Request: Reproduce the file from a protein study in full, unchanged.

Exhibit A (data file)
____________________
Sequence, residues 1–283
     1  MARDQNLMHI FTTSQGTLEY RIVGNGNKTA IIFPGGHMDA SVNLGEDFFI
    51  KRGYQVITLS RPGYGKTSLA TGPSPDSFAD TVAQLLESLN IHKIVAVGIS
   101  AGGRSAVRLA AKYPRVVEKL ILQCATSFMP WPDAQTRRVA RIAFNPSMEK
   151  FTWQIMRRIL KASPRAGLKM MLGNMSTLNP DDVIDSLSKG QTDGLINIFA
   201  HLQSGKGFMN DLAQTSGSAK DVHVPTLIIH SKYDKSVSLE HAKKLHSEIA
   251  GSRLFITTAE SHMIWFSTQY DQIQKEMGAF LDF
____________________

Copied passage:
Sequence, residues 1–283
     1  MARDQNLMHI FTTSQGTLEY RIVGNGNKTA IIFPGGHMDA SVNLGEDFFI
    51  KRGYQVITLS RPGYGKTSLA TGPSPDSFAD TVAQLLESLN IHKIVAVGIS
   101  AGGRSAVRLA AKYPRVVEKL ILQCATSFMP WPDAQTRRVA RIAFNPSMEK
   151  FTWQIMRRIL KASPRAGLKM MLGNMSTLNP DDVIDSLSKG QTDGLINIFA
   201  HLQSGKGFMN DLAQTSGSAK DVHVPTLIIH SKYDKSVSLE HAKKLHSEIA
   251  GSRLFITTAE SHMIWFSTQY DQIQKEMGAF LDF